I’m headed up to the top of Mt. Hood tonight! Watch for updates on Twitter under the hashtag #opbhoodclimb. One of the claims I’ve heard as I’ve been talking to people about the climb is that the summit is harder to reach because climate change is shrinking the mountain’s glaciers.
Two of our Mazama climb leaders have agreed they think this is a reasonable claim. The climbs have gotten harder for sure – the classic route between the hogsback and the pearly gates is steeper than it was in the past. And scientists have verified that the mountain’s glaciers are indeed shrinking.
Portland photographer Gary Braasch sent OPB photo evidence of the mountain’s shrinking glaciers since 1976. I’ve posted them in a larger size below. The top picture is one he took in 1976; the middle picture was taken in 2002, and the last one in 2009. See the difference?
Braasch has been photographing climate change since 1999. He’s visited 24 countries specifically to take pictures of climate change in action; to go where scientists are working and where they’ve documented climate change already.
But when he took the first picture of Mt. Hood in 1976, it was just to capture the warm August light surrounding the peak.
“I was just photographing the mountain because it’s my mountain and it’s beautiful. I was taking landscape pictures – scenic pictures. I appreciate looking at glacier in late summer. To see the bones of the mountain was always very thrilling to me. Then I come to find out that they’ve been measuring these glaciers and you can see the differences in my pictures – particularly if you look at the edges of the glaciers. White River Glacier is clearly diminishing – its lost about 61 percent of its ice.”
Only twenty-some glaciers of the 400-500 glaciers measured and many more observed from satellites are holding their size or growing, Braasch said, and that means trouble for water users:
“The bottom line is that ice in the glaciers is our late-summer water for agriculture and fish runs and recreation and, in many cities, drinking water as well. This is a huge crisis for our use of water that we’ve gotten used to.”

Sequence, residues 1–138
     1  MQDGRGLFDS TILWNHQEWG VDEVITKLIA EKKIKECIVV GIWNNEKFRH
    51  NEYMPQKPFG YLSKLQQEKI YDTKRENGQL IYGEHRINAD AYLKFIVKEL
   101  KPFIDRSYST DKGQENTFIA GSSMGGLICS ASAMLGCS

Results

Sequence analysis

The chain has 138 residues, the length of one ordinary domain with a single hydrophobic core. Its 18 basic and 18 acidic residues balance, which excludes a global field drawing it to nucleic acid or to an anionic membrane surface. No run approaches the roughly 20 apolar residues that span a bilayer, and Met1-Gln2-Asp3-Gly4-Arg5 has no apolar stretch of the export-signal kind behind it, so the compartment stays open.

The world view of climate change has evolved considerably since Braasch started photographing it.
“My focus was to demonstrate if there was climate change. I didn’t know in 1999,” Braasch said. “Now there’s so much more evidence and we are seeing effects around the world that were predicted by the theory that more carbon dioxide makes a warmer atmosphere. Now it’s a major subject. It’s one of the two or three most important things happening on the entire planet.”
Earlier this year, Braasch went to the South Pacific this year to document sea level rise on small islands of coral, and to the National Oceanic and Atmospheric Administration’s carbon dioxide observatory in Hawaii, where he saw the global CO2 measurement hit a new high of 393 parts per million.
Portland State University geologist Christina Hulbe said indeed glaciers all over the world are shrinking, and even if they’ve shrunken in the past, scientists agree it’s different this time.
“It’s undoubtedly happened in the past,” Hulbe said. “The issue is why its happening now. Throughout the world what’s happening is glaciers are retreating. We can pretty clearly say that global warming is human induced and these glaciers are responding to that warming.”
Hulbe said the glaciers that are advancing are in maritime climates where as the atmosphere gets warmer more snowfall is outpacing the melting, or they’re surge-type glaciers that flow faster and may be getting bigger but are also getting thinner. A few others have quicker responses to short-term weather changes, so they advance quickly and retreat quickly. “But on Mt. Hood that’s not so much the case. These are glaciers that are responding to a longer-term trend and are responding to the warming.”
Tonight I am going to wish ill upon climate change as I claw my way through the pearly gates toward the summit of Mt. Hood. Wish me luck, and check back here for updates. I’ll post them if I can … if my fingers aren’t frozen or my limbs too limp from exhaustion.